One of those things about religion that makes me go: “Get this, u guise!”.
(By religion I pretty much mean “Judaism”. Judaism and Christianity are the only two religions I know in enough detail to have a good idea of the aesthetic, and Christianity is butt-ugly. Well, a Puritanish aesthetic works well outside of a religious context, and there are Leah-Libresco-like Catholics doing interesting stuff, but the New Testament itself is a terrible fanfic. There, I think everyone got their share of insults.)
So today’s thing is Rashi’s commentary on Exodus 30:17. It’s about the Lord telling Moses to make a washbasin for the Tabernacle.
How did Moses get enough bronze/copper/pick your favourite translation for that washbasin? Mirrors! Donated by Jewish women.
“Whoa there”, saith Moses. “They used those mirrors to make themselves pretty. Not okay to make sacred stuff from!” Saith the Lord: “Take a chill pill, Moses, the mirrors are cool.”
Now if you’ve got Christianity in your Judaism you’d probably expect a moral like “Turning away from vanity to holiness is awesomesauce, let’s embrace and praise those women, prodigal son, repenting sinner, yadda yadda”. Nope! Turns out the mirrors are acceptable because the women were using them to look hot – to their husbands, to have babies, because what with the constant genocide they needed repopulating. Noble purpose.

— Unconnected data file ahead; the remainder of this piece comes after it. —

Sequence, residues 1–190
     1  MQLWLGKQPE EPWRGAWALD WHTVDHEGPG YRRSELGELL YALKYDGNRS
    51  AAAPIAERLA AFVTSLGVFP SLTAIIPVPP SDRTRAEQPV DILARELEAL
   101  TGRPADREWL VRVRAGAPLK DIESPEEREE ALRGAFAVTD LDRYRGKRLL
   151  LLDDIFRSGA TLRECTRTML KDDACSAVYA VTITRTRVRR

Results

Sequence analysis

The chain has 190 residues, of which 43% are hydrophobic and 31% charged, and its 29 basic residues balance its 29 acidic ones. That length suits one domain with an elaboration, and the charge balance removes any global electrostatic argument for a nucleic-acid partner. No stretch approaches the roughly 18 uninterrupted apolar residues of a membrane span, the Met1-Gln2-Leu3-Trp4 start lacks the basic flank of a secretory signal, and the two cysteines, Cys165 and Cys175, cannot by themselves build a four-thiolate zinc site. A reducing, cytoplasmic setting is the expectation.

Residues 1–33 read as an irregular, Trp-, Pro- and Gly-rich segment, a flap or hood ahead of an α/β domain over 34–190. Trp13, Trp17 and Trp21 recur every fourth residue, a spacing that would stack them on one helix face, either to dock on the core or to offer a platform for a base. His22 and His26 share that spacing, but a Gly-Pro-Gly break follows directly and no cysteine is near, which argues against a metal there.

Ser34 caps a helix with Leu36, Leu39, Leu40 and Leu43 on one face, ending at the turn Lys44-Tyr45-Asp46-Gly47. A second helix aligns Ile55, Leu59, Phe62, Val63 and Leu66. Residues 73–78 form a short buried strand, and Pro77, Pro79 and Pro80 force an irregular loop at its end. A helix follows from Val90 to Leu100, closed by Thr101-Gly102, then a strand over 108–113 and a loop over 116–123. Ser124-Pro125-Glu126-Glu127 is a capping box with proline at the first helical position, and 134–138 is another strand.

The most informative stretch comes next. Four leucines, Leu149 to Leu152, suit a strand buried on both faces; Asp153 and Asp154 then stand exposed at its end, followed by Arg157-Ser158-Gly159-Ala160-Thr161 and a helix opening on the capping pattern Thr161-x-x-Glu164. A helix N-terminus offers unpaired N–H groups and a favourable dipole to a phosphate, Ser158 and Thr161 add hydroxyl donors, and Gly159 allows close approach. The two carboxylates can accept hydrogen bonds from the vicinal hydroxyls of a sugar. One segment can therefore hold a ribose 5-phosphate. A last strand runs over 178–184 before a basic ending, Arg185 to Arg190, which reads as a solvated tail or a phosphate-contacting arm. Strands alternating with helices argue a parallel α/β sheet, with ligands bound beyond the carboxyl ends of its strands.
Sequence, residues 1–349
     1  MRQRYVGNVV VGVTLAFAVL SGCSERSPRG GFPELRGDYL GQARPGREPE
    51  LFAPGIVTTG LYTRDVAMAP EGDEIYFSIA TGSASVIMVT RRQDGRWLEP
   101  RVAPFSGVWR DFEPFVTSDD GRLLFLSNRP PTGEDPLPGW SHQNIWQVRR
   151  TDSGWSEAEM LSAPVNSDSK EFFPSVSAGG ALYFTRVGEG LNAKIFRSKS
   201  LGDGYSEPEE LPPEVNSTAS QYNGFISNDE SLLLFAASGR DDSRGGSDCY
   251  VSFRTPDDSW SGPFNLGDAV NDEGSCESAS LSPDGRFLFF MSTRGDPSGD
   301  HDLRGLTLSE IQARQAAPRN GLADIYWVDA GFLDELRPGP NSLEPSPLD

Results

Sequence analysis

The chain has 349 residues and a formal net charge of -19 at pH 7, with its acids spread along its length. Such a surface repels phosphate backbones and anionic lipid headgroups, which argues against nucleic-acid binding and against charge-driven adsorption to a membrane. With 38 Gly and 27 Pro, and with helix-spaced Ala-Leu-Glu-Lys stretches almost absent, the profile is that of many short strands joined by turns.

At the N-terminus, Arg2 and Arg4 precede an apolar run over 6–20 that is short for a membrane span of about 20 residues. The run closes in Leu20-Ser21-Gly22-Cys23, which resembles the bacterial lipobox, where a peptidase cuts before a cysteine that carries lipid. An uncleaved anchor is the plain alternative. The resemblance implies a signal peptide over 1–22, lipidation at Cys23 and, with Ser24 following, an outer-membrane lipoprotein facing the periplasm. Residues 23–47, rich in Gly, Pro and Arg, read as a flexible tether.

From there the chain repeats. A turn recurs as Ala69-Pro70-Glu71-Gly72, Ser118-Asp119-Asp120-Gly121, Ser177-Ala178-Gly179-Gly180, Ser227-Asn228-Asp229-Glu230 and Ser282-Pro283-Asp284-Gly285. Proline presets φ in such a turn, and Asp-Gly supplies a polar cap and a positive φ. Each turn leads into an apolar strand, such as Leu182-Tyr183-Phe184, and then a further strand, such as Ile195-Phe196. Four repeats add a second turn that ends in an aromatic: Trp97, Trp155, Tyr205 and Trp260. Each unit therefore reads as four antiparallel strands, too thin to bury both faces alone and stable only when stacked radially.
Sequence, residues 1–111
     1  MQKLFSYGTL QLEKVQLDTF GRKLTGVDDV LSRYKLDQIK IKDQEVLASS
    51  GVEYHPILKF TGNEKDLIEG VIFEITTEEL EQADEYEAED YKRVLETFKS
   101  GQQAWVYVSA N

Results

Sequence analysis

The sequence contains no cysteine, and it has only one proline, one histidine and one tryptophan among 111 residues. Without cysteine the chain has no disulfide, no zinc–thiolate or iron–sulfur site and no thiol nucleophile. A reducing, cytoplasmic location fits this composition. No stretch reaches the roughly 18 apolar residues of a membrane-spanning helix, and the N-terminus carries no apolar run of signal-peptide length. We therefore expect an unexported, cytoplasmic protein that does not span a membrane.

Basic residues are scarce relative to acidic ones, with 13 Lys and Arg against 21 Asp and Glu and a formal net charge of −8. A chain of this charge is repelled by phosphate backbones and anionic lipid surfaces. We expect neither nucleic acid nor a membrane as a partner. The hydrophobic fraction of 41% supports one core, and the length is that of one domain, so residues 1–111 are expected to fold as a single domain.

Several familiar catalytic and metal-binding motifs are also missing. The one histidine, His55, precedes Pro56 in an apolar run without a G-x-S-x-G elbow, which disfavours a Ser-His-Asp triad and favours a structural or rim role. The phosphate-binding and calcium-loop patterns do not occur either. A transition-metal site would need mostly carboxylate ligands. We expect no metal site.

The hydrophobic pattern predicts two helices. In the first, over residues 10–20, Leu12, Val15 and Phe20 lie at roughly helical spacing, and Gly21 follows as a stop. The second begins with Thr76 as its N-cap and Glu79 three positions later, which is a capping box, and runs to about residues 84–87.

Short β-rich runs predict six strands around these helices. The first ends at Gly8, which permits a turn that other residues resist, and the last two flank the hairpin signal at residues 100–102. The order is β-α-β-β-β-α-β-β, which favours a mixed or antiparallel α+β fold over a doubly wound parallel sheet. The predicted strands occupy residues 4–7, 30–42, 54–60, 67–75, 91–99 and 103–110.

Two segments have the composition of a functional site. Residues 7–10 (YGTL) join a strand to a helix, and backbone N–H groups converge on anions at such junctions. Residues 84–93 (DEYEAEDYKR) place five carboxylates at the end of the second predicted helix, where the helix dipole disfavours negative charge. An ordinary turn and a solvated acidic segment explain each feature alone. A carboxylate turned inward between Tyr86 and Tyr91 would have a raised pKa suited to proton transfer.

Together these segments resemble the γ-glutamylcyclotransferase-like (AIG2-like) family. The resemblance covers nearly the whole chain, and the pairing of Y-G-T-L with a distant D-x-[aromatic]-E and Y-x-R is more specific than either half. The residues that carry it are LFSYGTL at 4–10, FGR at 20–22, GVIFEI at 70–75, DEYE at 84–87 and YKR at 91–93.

So the moral is that nothing is inherently good or bad. Even if you grant that sluttiness is bad (don’t grant that), “I wanna look hot and get laid!” is not inherently slutty; that depends on whether the motivation is “Our people needs more kids.” or “Sex is fun.”.
A close cousin is those stories about charitable interpretation, like “Don’t blame him for buying pork on Yom Kippur, maybe he has a pregnant wife who was craving it.”. Those ideas, combined with building fences around the Torah and distancing yourself from sin and all that, give you Postel superpowers.
My point is mostly “Neat, huh?”, but as a side note: That’s another reason why deontology sucks. If you’re a consequentialist, you care whether using those mirrors leads to more kids. If you’re a virtue ethicist (apparently the Lord is), you care whether they were motivated by vanity. Only a deontologist could get hung up on the mirrors themselves (doppelgangers notwithstanding). Zing.